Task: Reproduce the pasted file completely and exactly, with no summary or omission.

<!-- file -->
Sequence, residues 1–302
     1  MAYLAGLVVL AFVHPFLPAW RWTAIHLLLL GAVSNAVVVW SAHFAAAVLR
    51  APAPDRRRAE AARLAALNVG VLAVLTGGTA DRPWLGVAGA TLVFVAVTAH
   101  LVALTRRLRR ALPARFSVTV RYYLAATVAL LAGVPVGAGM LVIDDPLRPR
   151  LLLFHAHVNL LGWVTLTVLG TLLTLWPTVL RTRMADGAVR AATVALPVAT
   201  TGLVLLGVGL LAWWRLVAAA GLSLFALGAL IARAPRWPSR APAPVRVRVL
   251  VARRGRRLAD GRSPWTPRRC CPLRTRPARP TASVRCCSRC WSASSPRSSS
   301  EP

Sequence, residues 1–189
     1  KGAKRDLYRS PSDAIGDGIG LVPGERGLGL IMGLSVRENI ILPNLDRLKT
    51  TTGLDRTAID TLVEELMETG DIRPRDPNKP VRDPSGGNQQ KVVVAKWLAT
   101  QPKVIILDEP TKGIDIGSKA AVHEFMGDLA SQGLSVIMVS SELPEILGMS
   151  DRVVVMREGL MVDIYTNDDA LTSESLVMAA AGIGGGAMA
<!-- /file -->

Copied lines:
Sequence, residues 1–302
     1  MAYLAGLVVL AFVHPFLPAW RWTAIHLLLL GAVSNAVVVW SAHFAAAVLR
    51  APAPDRRRAE AARLAALNVG VLAVLTGGTA DRPWLGVAGA TLVFVAVTAH
   101  LVALTRRLRR ALPARFSVTV RYYLAATVAL LAGVPVGAGM LVIDDPLRPR
   151  LLLFHAHVNL LGWVTLTVLG TLLTLWPTVL RTRMADGAVR AATVALPVAT
   201  TGLVLLGVGL LAWWRLVAAA GLSLFALGAL IARAPRWPSR APAPVRVRVL
   251  VARRGRRLAD GRSPWTPRRC CPLRTRPARP TASVRCCSRC WSASSPRSSS
   301  EP

Sequence, residues 1–189
     1  KGAKRDLYRS PSDAIGDGIG LVPGERGLGL IMGLSVRENI ILPNLDRLKT
    51  TTGLDRTAID TLVEELMETG DIRPRDPNKP VRDPSGGNQQ KVVVAKWLAT
   101  QPKVIILDEP TKGIDIGSKA AVHEFMGDLA SQGLSVIMVS SELPEILGMS
   151  DRVVVMREGL MVDIYTNDDA LTSESLVMAA AGIGGGAMA